One. Commission Agency Sales, which involve the sale of goods of third parties by sales agents, brokers, auctioneers or wholesalers and the provision of related services;

Two. Wholesaling and the provision of related services;

Three. Retailing, either from stores or by way of television, mail order, the Internet or vending machine sales, and the provision of related services; and

Four. Franchising.

As noted, entry to the wholesale and retail sector was limited by extremely high registered capital requirements. Minimum capital requirements under the Procedures are now in line with Company Law requirements and, as a result, it is only necessary to contribute RMB500,000 (approximately USD62,000) to establish a wholesale operation and RMB300,000 (approximately USD37,000) to establish a retail operation. There are, however, a number of requirements that could pose problems for potential investors. Under the Procedures, the foreign investor must enjoy "high prestige", which is a vague concept open to administrative interpretation and discretion. In addition, the Procedures provide that foreign investors with "economic strengths, advanced commercial management experience and marketing technology and an extensive international sales network" will be encouraged to invest in commercial enterprises. Again, this is a vague concept that could be applied to limit market access.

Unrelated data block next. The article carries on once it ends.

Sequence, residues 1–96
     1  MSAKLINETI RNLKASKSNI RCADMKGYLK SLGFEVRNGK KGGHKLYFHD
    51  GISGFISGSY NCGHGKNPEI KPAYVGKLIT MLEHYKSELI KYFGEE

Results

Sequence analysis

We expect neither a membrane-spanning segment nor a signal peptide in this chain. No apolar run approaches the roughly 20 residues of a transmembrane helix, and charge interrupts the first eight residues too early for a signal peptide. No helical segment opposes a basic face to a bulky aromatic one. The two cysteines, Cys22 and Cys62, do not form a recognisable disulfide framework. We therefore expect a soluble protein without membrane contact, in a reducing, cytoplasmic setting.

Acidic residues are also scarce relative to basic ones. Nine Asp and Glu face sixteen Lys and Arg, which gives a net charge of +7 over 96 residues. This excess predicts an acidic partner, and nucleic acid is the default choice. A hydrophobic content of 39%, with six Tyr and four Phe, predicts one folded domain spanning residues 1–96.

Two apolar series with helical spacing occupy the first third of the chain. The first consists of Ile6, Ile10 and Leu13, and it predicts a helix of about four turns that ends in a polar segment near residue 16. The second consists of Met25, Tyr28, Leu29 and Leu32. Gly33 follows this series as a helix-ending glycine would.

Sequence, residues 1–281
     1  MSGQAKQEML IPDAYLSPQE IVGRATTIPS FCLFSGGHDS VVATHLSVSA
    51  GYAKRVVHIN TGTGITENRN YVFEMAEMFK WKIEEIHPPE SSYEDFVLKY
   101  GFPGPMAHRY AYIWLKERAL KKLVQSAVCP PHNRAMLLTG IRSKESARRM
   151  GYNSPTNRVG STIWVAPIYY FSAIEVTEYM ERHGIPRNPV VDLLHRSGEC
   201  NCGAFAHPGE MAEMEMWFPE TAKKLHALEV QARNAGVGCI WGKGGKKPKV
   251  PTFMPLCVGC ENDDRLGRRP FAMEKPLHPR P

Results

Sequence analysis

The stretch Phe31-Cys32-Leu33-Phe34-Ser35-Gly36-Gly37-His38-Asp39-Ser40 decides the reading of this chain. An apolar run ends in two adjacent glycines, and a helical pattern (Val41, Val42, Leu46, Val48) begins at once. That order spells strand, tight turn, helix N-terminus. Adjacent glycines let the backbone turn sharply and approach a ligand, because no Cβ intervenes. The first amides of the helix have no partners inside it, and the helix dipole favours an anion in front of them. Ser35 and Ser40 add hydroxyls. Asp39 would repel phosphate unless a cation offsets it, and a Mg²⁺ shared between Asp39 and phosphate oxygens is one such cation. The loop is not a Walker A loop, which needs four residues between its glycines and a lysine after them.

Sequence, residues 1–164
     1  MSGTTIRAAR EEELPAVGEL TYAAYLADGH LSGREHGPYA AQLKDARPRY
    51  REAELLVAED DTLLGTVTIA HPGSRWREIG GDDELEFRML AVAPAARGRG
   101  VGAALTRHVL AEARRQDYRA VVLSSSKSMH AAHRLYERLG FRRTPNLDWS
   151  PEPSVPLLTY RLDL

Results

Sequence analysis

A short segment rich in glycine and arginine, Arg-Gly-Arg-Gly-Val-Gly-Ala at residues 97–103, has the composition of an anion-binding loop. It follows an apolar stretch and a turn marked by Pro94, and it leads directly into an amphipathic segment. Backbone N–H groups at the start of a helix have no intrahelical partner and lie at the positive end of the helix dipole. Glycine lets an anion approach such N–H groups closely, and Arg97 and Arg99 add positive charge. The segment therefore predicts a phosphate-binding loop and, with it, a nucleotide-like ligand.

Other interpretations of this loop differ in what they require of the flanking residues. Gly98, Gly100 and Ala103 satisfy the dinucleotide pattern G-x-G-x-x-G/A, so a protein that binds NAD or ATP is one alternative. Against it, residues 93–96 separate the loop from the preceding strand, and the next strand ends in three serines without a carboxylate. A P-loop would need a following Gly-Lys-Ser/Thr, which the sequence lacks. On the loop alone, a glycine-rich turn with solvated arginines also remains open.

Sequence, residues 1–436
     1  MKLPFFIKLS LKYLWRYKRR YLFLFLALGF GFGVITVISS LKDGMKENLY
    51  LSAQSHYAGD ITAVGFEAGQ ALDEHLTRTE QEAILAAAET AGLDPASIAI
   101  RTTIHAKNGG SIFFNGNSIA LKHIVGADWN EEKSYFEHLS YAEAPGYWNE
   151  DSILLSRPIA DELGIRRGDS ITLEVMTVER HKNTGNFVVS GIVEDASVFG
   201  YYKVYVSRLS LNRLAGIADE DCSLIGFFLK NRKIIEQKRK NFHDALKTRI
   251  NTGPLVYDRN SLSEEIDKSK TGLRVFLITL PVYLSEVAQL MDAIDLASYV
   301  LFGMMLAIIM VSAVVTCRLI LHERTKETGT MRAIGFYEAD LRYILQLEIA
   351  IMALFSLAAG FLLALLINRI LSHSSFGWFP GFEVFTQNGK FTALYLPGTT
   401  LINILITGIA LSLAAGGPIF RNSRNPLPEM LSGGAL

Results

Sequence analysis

The Ministry of Commerce is in charge of approving commercial ventures in China and the application process, although similar to the application for other types of foreign invested enterprises, is somewhat simplified and streamlined, at least in theory, to the extent that there are fewer than the usual number of agencies to deal with. There are, however, a number of documentary requirements that are not standard for other types of foreign invested enterprises. Chief among these is the requirement that foreign investors submit an audit report for the previous year. In addition, where a commercial venture wishes to establish retail shops, it must obtain confirmation from local authorities that such shops are in compliance with urban development and urban commercial retail requirements.